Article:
Tips for a healthier you
Was one of your New Year’s resolutions to lose weight, get more exercise or just improve your health?
Michigan is currently the fifth heaviest state in the nation with over five million overweight adults and over 800,000 overweight children. According to the Michigan Department of Community Health (MDCH), the state also ranks 15th in the nation for diagnosed diabetes. Choosing to improve your health may not only help you lose weight, but also lower your risk for many chronic conditions such as heart disease, diabetes and high blood pressure.
In any attempt to become healthier, we often start with deciding to lose weight. This can be a scary thought if you have more than a few pounds to lose. But the Center for Disease Control states that even a modest weight loss of five to seven percent can lower your risk for developing many diseases, including diabetes. A five to seven percent weight loss would be about seven to 10 pounds if you weigh around 150 or about 10 pounds if you weigh 200 pounds.
Tips from Michigan State University Extension to help plan healthier meals and work toward losing weight include:
- Make half of your plate fruits and vegetables.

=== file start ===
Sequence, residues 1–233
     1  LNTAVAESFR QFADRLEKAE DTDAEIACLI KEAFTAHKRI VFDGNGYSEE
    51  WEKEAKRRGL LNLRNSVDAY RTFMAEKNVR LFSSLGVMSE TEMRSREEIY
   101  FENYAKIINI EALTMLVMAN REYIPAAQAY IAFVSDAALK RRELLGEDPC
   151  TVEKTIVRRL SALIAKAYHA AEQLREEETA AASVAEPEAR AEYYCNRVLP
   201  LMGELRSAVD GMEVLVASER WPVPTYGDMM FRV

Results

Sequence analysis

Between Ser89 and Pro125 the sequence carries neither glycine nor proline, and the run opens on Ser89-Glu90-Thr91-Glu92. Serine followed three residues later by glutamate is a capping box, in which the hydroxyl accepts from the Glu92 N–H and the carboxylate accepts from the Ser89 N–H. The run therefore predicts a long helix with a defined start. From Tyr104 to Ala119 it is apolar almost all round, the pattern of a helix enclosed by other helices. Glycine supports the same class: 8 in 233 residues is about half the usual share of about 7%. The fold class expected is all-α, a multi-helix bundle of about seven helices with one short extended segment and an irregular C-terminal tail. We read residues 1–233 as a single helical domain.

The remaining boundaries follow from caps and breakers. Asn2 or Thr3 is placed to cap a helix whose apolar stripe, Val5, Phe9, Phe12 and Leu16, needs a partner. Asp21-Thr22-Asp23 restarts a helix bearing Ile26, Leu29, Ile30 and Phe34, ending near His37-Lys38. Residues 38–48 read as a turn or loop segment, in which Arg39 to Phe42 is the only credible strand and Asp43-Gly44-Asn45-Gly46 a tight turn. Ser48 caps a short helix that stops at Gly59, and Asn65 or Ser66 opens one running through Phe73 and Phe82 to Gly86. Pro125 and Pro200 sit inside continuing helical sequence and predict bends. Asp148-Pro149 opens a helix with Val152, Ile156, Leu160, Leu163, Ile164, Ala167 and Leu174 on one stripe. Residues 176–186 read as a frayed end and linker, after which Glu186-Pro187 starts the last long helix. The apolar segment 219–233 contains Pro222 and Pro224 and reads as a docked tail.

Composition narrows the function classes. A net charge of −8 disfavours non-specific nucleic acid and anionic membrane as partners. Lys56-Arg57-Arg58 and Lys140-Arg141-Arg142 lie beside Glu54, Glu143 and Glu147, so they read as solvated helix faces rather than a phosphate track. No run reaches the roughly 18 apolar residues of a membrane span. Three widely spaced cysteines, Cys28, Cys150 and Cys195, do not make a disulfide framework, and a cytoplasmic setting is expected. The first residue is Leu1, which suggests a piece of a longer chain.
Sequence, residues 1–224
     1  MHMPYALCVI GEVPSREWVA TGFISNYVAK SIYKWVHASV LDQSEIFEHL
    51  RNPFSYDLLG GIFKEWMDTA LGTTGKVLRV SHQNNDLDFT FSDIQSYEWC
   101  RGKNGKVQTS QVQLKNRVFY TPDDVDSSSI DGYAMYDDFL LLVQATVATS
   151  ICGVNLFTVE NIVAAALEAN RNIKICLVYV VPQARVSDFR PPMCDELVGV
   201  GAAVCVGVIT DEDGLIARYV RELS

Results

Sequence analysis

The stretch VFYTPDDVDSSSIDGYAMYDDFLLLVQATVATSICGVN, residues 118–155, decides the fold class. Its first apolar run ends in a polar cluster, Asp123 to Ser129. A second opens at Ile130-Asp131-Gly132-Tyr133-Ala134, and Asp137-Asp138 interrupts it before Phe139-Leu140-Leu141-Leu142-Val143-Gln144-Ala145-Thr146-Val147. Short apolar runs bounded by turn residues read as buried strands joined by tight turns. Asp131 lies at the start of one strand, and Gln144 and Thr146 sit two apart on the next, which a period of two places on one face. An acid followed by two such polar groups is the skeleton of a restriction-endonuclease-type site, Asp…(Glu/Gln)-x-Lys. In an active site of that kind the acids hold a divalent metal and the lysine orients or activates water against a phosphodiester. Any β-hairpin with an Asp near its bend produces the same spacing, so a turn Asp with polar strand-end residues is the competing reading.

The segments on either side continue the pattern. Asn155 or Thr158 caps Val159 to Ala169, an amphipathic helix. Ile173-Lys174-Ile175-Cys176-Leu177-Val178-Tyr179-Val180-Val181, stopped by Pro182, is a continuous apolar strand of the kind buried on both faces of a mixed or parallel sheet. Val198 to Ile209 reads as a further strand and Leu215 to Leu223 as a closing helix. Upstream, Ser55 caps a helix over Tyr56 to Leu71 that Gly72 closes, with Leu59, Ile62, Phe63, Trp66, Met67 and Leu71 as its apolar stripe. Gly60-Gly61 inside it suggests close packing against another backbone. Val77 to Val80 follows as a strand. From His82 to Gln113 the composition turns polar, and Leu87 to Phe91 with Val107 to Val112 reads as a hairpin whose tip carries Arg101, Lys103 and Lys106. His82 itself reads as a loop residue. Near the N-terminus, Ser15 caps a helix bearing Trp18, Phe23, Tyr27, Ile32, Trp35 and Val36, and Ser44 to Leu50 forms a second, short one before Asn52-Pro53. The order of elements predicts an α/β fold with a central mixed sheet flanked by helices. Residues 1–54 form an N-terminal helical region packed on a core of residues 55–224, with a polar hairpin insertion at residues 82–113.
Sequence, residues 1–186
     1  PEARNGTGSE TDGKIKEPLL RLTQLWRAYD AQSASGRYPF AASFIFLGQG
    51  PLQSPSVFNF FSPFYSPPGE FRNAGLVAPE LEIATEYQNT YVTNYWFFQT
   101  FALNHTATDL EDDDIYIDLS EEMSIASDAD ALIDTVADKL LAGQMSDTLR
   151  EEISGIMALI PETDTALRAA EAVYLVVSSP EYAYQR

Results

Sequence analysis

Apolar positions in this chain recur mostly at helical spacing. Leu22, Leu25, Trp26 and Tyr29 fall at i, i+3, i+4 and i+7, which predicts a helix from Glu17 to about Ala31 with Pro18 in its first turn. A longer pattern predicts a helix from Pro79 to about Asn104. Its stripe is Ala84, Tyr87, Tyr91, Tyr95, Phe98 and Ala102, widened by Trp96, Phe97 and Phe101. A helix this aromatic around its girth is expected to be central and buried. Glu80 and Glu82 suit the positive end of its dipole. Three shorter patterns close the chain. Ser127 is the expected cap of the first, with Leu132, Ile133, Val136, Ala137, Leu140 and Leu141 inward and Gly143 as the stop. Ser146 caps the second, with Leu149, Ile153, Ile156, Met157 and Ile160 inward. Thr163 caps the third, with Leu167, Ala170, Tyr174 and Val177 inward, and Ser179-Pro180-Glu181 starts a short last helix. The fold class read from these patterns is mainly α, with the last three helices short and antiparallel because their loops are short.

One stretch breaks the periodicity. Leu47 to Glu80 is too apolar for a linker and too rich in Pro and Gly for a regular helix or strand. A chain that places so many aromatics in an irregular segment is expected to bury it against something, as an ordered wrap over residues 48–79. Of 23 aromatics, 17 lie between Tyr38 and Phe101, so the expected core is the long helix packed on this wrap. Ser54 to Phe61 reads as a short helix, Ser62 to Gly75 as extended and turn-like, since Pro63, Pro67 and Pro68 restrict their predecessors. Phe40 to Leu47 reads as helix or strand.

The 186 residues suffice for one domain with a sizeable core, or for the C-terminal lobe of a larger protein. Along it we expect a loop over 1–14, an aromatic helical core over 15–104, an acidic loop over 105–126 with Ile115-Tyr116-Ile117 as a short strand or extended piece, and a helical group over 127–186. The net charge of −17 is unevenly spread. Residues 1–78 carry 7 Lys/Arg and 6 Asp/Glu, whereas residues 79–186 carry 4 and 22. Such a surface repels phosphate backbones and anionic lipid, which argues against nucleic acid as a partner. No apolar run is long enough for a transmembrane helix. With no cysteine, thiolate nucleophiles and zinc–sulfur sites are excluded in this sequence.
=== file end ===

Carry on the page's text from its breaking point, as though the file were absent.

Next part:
- Increase your veggie selection to include colorful choices including orange, red and dark green vegetables. These choices are high in vitamins and minerals including vitamins A and C, iron and calcium.
- Choose 100 percent whole grain products for at least half of the grains you eat every day. Whole grains are good sources of fiber which will help you feel fuller with fewer calories.
- Limit your fat and calories by choosing reduced fat or fat-free dairy products, lean meats and plant proteins, including beans and legumes.
- More ideas for healthy eating can be found at My Plate.
In addition to taking steps to lower your weight, another part of your healthier lifestyle goal should be to increase your physical activity. If you’re not already active, set small steps to achieve a minimum goal of at least 30 minutes of activity, five times a week. The good news is that the 30 minutes doesn’t have to be done all at once. You could do 15 minutes of activity twice a day or 10 minutes of activity three times a day. Don’t let the term” physical activity” stop you from being active. This isn’t just about running, push-ups or aerobics. Fun activities like playing with your children, bowling, skating and dancing count too.
Start with these small steps and gain a healthier life.
For more information about nutrition, diabetes prevention and other issues of interest to Michigan families, contact a MSU Extension educator in your area, either by visiting http://msue.anr.msu.edu/county or calling toll-free at 888-MSUE-4-MI (888-678-3464).